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Amplified warming of extreme temperatures over tropical land
  • Michael Byrne
Michael Byrne
University of St Andrews

Corresponding Author:[email protected]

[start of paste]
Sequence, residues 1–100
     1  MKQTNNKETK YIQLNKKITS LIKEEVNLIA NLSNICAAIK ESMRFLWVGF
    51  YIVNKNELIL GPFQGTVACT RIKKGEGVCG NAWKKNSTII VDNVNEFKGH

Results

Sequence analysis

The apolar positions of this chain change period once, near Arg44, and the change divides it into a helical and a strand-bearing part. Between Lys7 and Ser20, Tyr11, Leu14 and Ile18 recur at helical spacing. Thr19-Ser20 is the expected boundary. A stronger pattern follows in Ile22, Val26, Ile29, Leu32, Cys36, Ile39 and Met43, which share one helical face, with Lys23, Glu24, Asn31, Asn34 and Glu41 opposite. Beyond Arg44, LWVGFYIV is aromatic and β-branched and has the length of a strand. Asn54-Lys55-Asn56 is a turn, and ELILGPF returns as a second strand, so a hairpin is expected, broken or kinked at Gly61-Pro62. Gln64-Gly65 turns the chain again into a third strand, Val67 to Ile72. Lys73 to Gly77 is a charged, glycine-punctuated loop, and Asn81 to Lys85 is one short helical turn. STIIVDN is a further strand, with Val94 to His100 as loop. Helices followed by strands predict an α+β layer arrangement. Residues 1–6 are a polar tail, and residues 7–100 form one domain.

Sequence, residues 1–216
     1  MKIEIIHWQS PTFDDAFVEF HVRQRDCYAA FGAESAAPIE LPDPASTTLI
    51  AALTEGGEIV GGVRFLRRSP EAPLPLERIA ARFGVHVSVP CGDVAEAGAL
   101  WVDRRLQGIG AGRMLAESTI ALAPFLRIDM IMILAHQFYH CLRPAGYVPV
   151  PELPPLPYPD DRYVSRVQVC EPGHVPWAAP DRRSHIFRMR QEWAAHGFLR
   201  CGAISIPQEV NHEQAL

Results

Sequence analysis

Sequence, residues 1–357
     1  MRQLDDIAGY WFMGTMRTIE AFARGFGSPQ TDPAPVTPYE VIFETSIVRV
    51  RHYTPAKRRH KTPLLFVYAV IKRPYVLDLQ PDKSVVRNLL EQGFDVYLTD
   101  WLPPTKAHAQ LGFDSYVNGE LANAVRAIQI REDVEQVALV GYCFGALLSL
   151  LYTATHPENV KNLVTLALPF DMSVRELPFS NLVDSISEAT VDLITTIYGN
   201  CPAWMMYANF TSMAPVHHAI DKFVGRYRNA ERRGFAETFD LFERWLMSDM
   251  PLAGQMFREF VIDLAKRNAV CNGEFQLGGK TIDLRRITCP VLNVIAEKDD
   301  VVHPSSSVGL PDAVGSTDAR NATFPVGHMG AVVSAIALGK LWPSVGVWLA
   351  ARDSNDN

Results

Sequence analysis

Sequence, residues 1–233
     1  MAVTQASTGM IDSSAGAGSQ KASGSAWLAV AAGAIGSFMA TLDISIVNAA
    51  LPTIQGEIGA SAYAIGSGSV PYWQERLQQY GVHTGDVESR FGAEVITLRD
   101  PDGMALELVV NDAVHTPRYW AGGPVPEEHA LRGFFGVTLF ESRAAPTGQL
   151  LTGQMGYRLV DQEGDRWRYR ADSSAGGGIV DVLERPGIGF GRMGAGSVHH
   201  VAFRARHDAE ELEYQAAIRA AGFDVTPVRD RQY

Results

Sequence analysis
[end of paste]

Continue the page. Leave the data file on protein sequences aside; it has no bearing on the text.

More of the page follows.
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Extreme temperatures have warmed substantially over recent decades and are projected to continue warming in response to future climate change. Warming of extreme temperatures is amplified over land where the impacts on human health, wildfire risk and food production are most severe. Using simulations with climate models, I show that hot days over tropical land warm substantially more than the average day. For example, warming of the hottest 1% of land days is 24% larger than the time-mean warming averaged across models. The climate-change response of extreme temperatures over tropical land is interpreted using a theory based on atmospheric dynamics. According to the theory, warming is amplified for hot land days because those days are dry: I term this the “drier get hotter” mechanism. Changes in near-surface relative humidity further increase tropical land warming , with decreases in land relative humidity particularly important. The theory advances physical understanding of the tropical climate and highlights land-surface dryness as a key factor determining how extreme temperatures will respond to future climate change.